Construction supply companies who bring the raw materials to be consumed by the construction project and incorporated into the building or structure tend to need the services of a construction law attorney more than subcontractors, tradesmen, and laborers.
Construction material suppliers include but are not limited to, electrical supply, HVAC supply, roofing supply, lumber supply, concrete supply, plumbing supply, paint supply or just about any type of raw material that is used to construct a building or structure.
The law defines these materials as those which come to the job as separate, movable, personal property of the seller, but then they are consumed into the structure and become a component part such that they become a part of the property. They become apart of the immovable or real property such that they cannot be removed without damage to the structure.
This legal distinction is important. In order for construction suppliers to have lien rights they need the parts they supply to become apart of the property. Then if a construction supplier is not paid, they can enforce the lien against the property in order to obtain payment if a dispute occurs.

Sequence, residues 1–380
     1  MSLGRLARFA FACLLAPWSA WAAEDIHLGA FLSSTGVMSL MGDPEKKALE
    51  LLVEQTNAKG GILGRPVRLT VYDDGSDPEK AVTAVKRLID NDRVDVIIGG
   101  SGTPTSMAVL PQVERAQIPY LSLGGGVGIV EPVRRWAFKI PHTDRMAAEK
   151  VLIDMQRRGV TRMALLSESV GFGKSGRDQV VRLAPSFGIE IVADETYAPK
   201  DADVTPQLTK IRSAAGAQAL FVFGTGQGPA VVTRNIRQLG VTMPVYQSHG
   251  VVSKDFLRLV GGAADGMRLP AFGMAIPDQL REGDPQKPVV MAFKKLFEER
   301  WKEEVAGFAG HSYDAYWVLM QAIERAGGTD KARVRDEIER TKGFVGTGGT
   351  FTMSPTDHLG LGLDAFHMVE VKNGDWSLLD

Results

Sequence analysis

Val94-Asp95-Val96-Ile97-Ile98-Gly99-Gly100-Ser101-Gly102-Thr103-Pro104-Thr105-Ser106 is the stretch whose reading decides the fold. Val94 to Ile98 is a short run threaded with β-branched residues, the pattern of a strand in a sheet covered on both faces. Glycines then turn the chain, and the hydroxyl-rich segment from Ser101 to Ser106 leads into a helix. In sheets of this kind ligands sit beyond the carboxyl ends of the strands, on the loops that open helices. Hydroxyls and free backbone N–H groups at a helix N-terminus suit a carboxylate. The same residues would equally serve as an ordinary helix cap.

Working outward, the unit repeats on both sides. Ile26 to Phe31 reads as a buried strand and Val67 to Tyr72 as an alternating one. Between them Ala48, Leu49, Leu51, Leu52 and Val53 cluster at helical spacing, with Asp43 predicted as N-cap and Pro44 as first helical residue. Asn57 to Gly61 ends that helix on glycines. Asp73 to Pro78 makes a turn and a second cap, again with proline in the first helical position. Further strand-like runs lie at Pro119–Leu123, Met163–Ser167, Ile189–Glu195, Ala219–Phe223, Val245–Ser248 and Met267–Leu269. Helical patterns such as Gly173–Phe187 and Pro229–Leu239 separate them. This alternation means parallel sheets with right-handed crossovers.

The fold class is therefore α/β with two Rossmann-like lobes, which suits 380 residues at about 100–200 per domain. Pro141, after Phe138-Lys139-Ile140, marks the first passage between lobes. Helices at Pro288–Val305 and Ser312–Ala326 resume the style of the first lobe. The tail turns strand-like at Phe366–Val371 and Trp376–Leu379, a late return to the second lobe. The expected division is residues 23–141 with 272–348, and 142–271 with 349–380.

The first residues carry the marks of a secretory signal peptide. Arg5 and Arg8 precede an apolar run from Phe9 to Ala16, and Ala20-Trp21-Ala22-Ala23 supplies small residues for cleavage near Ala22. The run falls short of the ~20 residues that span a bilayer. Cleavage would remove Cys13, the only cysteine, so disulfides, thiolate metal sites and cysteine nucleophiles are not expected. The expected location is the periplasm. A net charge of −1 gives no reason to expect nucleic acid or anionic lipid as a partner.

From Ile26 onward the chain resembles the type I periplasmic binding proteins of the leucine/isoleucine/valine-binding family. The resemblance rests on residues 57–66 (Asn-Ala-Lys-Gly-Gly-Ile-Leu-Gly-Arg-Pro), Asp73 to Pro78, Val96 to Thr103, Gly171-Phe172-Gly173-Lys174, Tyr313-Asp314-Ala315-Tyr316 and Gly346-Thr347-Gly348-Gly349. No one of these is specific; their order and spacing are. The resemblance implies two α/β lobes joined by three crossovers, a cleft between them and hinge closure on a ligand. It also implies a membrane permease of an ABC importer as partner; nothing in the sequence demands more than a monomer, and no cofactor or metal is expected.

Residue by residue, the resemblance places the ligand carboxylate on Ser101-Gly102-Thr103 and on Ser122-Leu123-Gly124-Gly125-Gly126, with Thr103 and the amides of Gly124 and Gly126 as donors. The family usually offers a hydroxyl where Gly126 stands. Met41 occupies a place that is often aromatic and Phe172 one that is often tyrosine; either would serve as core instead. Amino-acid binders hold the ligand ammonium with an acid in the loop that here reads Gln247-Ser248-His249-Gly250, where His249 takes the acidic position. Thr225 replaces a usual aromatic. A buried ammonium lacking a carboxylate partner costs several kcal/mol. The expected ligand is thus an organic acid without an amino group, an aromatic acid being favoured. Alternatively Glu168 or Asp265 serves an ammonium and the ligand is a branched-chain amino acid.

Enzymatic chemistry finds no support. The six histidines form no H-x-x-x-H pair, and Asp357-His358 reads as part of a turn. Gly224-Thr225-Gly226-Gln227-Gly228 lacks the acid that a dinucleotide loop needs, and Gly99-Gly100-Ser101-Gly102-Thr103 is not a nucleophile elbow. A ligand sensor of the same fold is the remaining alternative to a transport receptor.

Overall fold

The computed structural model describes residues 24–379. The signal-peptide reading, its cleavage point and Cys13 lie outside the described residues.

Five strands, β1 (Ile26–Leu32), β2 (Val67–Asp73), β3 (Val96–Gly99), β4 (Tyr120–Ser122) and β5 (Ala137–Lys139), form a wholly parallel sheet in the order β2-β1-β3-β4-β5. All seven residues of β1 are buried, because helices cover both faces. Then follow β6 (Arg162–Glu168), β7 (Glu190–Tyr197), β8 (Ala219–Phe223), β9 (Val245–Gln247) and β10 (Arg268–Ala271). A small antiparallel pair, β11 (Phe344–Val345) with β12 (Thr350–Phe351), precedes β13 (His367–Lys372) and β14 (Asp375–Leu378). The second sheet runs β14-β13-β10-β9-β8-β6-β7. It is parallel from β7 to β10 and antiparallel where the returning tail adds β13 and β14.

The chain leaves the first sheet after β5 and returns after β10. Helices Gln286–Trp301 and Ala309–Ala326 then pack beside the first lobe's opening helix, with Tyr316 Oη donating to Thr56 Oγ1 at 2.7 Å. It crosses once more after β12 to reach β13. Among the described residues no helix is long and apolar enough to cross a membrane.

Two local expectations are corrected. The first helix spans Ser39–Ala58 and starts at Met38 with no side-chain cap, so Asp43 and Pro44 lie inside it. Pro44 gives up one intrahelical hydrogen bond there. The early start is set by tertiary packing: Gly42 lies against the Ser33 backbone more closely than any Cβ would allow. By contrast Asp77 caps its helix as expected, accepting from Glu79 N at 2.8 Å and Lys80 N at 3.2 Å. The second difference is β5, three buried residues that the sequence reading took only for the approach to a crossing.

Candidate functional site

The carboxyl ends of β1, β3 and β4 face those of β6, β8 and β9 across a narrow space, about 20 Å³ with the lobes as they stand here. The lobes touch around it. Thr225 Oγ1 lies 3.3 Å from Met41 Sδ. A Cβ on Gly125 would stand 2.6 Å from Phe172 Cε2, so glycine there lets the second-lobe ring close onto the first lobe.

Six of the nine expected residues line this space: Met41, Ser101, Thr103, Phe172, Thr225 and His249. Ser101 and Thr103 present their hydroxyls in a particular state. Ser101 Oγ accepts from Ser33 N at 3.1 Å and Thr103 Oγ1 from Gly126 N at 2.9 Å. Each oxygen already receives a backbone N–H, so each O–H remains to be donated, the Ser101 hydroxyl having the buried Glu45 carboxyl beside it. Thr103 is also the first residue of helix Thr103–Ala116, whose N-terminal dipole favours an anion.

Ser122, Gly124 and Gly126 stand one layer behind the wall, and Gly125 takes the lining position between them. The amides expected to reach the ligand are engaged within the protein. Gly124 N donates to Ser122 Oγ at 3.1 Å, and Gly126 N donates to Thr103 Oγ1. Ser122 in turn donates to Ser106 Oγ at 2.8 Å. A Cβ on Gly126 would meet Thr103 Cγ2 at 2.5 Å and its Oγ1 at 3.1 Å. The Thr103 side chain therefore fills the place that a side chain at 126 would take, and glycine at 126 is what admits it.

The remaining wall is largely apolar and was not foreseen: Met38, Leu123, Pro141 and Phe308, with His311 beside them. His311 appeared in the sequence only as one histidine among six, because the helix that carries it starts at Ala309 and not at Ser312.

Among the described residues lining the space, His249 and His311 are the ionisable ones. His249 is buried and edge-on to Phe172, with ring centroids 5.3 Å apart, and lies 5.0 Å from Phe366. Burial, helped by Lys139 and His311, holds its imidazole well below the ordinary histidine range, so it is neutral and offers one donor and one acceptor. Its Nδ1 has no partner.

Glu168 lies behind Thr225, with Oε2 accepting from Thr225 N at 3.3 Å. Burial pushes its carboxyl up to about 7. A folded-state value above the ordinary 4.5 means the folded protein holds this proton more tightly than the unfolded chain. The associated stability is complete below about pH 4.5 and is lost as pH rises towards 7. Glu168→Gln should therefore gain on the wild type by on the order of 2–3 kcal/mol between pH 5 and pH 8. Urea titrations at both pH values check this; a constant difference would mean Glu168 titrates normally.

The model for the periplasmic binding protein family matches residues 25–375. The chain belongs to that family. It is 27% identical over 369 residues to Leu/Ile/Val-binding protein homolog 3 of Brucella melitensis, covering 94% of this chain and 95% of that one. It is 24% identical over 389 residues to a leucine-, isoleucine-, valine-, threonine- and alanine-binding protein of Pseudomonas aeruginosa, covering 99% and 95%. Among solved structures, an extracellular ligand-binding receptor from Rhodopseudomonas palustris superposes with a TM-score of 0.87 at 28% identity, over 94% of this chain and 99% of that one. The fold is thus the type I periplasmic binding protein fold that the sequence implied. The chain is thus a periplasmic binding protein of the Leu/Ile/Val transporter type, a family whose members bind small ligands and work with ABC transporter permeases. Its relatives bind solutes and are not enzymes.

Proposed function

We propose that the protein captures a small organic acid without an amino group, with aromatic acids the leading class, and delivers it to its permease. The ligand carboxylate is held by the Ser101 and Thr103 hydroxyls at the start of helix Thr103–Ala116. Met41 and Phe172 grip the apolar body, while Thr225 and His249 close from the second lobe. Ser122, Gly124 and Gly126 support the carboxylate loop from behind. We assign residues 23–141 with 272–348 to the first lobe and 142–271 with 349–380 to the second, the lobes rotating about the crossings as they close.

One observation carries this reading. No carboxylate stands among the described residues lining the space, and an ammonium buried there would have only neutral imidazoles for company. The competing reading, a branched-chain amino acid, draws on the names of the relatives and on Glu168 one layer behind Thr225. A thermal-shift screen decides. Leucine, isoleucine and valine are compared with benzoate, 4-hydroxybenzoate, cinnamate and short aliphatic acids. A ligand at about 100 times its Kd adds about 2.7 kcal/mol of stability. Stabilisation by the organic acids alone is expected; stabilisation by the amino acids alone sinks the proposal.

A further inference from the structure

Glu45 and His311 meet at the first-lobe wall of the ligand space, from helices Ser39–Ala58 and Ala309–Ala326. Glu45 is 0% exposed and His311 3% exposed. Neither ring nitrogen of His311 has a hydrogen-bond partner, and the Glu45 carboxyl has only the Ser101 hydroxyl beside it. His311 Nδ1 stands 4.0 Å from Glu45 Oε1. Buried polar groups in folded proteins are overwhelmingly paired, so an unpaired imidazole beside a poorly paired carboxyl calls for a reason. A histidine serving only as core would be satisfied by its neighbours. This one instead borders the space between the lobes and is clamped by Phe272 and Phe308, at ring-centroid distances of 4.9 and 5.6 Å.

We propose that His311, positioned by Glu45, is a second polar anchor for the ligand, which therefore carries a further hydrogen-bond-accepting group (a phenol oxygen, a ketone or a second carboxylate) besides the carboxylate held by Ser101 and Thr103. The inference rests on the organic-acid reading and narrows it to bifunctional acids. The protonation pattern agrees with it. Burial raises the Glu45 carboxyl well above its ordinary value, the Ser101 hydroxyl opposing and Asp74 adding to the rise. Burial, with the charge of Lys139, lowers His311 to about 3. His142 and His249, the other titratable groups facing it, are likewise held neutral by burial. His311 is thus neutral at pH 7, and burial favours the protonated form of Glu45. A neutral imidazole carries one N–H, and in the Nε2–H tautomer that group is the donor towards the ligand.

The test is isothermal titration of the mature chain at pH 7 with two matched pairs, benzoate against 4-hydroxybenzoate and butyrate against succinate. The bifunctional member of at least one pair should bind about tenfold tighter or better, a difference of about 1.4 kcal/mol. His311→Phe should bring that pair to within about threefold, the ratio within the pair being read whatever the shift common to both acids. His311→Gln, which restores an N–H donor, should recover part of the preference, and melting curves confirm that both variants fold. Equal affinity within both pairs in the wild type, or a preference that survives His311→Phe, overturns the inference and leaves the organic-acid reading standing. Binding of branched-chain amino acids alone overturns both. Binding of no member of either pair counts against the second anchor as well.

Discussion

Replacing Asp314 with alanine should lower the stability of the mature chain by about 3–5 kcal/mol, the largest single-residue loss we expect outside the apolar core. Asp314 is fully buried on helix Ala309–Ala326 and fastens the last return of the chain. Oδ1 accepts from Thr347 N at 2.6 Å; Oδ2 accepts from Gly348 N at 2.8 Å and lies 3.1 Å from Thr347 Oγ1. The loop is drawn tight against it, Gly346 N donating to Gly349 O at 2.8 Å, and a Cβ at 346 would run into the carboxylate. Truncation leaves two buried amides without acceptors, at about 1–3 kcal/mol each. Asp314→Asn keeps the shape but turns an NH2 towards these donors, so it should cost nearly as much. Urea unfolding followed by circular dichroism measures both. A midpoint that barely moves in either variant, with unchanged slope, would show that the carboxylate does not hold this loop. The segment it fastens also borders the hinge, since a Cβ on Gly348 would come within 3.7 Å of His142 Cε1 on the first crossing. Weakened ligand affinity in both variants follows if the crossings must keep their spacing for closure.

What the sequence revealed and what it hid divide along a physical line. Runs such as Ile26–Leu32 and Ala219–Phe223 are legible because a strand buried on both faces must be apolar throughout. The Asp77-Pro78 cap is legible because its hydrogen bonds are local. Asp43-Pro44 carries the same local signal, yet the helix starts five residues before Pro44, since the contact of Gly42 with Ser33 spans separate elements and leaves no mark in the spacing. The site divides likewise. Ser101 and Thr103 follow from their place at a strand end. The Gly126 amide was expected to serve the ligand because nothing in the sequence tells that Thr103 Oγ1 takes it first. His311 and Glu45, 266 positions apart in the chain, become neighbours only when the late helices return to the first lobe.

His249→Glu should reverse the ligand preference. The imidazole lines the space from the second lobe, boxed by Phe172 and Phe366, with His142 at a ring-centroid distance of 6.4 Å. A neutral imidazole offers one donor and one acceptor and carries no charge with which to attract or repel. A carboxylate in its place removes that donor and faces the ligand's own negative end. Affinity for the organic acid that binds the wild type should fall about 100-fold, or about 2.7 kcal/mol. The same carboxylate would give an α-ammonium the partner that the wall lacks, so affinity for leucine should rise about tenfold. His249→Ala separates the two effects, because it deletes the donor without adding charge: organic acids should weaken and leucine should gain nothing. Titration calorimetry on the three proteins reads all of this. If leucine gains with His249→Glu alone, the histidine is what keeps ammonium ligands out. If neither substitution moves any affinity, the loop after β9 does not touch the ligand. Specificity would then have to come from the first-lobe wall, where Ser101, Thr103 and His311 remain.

Many states, such as Louisiana, Texas, and California, have rigid legal notice requirements for construction material suppliers because most owners and general contractors do not know the supplier even has any rights to secure payment for the construction project.
Having a good construction law attorney to explain all the rights and necessities of a construction material supplier is important. The stakes are even higher when construction material suppliers operate in multiple states where the laws change from one state to the next. Some of the most preventable payment issues come when dealing with suppliers securing rights.
Many times the construction suppliers have power but they do not know how to deploy all of the weapons to ensure timely and full payment. Construction supply companies typically have great claims if they delivered the parts to the job, but they need to secure those rights by sending pre-lien notices and filing timely liens. We help construction company credit managers, controllers and chief financial officers of construction supply companies secure rights and privileges on jobs so that they get paid early and often.